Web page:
92. Be aware of weather events that affect local birds.
Weather is such an integral part of our day-to-day lives that the weather report is often the most popular part of the evening news, and it’s the one thing people insist on hearing every half hour on the radio. Birds that live outdoors, “naked as jaybirds,” no matter what the weather have an even more intimate acquaintance with it. Some meteorological conditions are literally uplifting for them; others are disastrous. When we become more in tune with the rhythms of nature, we can sometimes avert avian tragedies.
Duluth, where I live, is situated on the western tip of Lake Superior. Every spring, hawks migrate north and end up somewhere along this largest of the Great Lakes. Thousands then make a left turn and follow the Wisconsin shoreline until they clear the tip of the lake right in Duluth. In the fall, as birds head south, they once again hit the shoreline and this time turn right. Either way, to clear the lake, they have to fly over Duluth. Every fall, about 93,000 hawks are counted at Hawk Ridge Nature Reserve in the city; on a single exceptional day, September 15, 2003, a record of 102, 329 were tallied. Fall hawk migration events are correlated with weather patterns; by far, the biggest flights happen on September days with west or northwest winds and high pressure. When one bird feels a rising column of air, it spreads its wings and circles, allowing the thermal to carry it upward in a spiral ascent. When another hawk spies the first one rising, it takes advantage of the thermal, too. Soon there may be dozens, hundreds, or thousands of hawks swirling skyward. From a distance, a small group may look like delicate smoke tendrils or steam rising from a kettle, which is what one of these collections of spiraling hawks is called. Sometimes it looks like a tornado. Sometimes the top of the kettle is too high to observe with the naked eye, but as the hawks reach the point where the air column stops rising, they pull their wings back, arrowlike, and shoot forward, covering as much ground as they can, losing altitude, until they locate another thermal. Thus the birds pour over my city each September, drawing Duluthians’ eyes to the sky.
Not all cities have such regularly occurring and spectacular avian events, but weather affects birds everywhere. In spring, robins work their way northward in a band across the continent that pretty much matches the 37-degree isotherm. In the eastern United States, April showers bring the first warblers, and May flowers sustain the first hummingbirds. When we look closely at NEXRAD radar maps on TV or the Internet, sometimes we can see the tattered forms that early radar technicians called “angels,” which indicate large bird or insect movements in the nighttime sky. At first it’s tricky to interpret these maps, but John Idzikowski of the Wisconsin Society for Ornithology put together a simple online tutorial that shows how to read these migrations. On evenings when radar shows a heavy flight, let your radio and television weather forecasters know about it. They may not be receptive at first, but once a weather report starts mentioning wildlife regularly, the positive response from viewers will likely ensure that it becomes an ongoing feature, especially if you and members of your local bird club can give producers a steady and reliable source of interesting information. Bringing birds into local and even national weather conversations keeps them on the public radar screen, even when all we can see on NEXRAD is a storm system. [UPDATE: no longer available but eBird has a great tutorial now]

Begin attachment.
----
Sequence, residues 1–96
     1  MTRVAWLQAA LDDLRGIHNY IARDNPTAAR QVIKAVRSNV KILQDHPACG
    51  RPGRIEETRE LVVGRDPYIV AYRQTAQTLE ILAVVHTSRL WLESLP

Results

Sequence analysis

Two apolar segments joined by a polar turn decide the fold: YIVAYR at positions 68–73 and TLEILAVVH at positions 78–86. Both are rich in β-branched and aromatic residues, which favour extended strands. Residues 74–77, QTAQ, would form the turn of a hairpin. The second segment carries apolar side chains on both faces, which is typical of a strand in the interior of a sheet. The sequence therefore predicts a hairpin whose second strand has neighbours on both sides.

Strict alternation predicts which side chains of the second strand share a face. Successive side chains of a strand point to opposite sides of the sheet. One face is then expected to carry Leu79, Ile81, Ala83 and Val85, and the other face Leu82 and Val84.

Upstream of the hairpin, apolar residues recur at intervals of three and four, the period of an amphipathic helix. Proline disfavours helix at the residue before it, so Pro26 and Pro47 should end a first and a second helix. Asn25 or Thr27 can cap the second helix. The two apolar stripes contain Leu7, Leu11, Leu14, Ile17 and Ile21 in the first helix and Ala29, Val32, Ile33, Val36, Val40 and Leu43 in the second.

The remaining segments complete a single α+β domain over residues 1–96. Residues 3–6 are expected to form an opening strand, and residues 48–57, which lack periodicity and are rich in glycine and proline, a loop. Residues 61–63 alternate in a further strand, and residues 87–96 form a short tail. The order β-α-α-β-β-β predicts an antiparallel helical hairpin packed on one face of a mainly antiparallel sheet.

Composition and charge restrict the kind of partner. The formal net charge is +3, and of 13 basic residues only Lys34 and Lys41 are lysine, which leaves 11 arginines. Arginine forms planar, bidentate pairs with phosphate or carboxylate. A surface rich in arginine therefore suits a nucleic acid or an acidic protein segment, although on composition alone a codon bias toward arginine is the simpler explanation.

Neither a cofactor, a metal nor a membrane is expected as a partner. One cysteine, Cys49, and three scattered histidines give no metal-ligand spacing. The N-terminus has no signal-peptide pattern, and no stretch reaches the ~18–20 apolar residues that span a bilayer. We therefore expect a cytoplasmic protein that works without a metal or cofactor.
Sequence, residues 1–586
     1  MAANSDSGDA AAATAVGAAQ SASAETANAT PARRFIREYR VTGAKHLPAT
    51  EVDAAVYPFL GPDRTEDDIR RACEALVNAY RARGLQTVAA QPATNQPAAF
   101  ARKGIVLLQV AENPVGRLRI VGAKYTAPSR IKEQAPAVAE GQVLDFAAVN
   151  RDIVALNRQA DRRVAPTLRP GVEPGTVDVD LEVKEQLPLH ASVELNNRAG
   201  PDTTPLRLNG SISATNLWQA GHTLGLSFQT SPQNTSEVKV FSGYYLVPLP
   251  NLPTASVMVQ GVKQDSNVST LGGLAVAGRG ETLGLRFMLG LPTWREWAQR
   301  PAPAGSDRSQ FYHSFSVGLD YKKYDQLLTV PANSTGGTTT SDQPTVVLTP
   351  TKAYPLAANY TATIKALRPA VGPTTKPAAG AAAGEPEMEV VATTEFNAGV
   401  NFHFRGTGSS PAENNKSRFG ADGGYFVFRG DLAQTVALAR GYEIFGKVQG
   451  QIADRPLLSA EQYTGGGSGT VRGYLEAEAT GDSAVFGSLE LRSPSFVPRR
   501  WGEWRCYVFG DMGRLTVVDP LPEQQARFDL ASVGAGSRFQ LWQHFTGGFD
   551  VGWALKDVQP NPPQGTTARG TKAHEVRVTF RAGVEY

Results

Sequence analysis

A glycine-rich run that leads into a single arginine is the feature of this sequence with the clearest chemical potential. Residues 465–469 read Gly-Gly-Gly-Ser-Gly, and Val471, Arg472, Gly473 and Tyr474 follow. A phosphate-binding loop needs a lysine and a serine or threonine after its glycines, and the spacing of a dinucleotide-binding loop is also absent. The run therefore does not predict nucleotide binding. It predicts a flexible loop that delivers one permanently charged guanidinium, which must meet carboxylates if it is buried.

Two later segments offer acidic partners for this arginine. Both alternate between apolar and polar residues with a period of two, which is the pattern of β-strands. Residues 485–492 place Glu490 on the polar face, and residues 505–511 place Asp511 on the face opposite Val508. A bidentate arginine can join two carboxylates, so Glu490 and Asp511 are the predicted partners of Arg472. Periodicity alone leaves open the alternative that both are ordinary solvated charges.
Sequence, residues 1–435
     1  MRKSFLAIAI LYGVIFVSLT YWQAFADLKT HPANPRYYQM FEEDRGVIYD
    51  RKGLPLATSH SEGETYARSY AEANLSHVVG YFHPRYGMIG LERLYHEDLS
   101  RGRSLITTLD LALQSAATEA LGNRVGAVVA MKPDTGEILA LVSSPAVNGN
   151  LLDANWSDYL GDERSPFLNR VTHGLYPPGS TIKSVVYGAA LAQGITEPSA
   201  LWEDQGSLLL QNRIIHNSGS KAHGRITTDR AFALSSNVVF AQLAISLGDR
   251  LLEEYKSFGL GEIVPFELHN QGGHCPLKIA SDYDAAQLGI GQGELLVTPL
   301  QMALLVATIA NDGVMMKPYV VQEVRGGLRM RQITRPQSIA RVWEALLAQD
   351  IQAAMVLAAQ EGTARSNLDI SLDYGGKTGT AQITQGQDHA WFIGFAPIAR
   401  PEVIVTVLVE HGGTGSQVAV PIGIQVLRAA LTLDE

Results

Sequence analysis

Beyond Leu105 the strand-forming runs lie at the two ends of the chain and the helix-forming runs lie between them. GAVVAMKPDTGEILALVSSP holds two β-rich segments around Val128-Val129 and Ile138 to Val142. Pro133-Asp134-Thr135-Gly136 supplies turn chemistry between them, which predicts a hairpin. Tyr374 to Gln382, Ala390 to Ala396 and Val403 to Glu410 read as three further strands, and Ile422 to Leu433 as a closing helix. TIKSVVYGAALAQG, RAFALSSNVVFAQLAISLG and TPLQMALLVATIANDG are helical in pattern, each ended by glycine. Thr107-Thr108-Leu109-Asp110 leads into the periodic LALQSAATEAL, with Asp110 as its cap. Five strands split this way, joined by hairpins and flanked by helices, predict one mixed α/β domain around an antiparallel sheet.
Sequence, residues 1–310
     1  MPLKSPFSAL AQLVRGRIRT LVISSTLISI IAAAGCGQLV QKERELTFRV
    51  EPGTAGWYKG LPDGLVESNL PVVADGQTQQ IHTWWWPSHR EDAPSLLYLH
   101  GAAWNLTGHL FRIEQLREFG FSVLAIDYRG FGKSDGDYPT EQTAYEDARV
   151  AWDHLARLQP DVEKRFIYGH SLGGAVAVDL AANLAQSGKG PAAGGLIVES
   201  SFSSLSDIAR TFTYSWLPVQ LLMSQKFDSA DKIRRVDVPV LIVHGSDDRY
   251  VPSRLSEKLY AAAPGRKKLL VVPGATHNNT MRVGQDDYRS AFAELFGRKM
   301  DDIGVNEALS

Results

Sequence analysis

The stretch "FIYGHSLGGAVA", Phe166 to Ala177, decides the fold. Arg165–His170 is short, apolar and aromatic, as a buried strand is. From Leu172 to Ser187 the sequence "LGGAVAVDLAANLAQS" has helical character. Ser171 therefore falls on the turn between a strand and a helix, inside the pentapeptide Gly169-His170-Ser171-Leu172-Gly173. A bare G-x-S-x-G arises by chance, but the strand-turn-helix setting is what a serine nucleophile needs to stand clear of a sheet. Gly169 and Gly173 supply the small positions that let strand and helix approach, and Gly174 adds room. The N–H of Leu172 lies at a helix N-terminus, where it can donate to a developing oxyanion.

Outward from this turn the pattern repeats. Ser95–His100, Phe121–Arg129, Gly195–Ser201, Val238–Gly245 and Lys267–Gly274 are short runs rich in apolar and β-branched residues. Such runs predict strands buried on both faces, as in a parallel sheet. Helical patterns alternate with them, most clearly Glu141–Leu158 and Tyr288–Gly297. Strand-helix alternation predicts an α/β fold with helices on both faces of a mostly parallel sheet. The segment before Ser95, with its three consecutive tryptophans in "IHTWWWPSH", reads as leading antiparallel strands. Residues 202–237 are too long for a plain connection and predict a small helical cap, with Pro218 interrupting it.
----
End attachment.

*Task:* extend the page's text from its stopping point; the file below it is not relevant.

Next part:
In large cities, NEXRAD data can tell us which nights represent a clear and present danger to birds. Cities are often built along major waterways where migrating birds concentrate in huge numbers, so even on clear nights, migrating birds may find themselves in the lighted space of a high-rise and collide with windows. In early morning, as migrants descend from the sky to street level, they may find themselves in a concrete maze. When a lost bird spots a lush ornamental tree, it will naturally fly straight for it, even though that tree may be in a hotel lobby with glass blocking the way. In Chicago in the past twenty-five years, about 30,000 birds have been killed by crashing into the glass at McCormick Place alone. It’s a huge problem that occurs in every city, yet most of these deaths are completely and easily preventable if people working or living in the buildings would simply turn the lights off or close the drapes on migration nights. But people need to be reminded when to close the curtains.
That is why the Fatal Light Awareness Program (FLAP) of Toronto came into existence. FLAP works with building owners and managers to encourage them to turn building lights off or pull drapes during migration nights, and it retrieves and aids injured birds come morning. FLAP also works with other cities that want to start similar programs, such as Lights Out Chicago, and it provides information for architects to help them develop less lethal building designs. Volunteers for FLAP and similar programs are pioneers in a world where people integrate nature awareness into daily urban life, which is probably the most fundamental task we face in creating a culture of conservation.
From 101 Ways to Help Birds, published by Stackpole in 2006. Please consider buying the book to show that there is a market for bird conservation books. (Photos, links, and updated information at the end of some entries are not from the book.)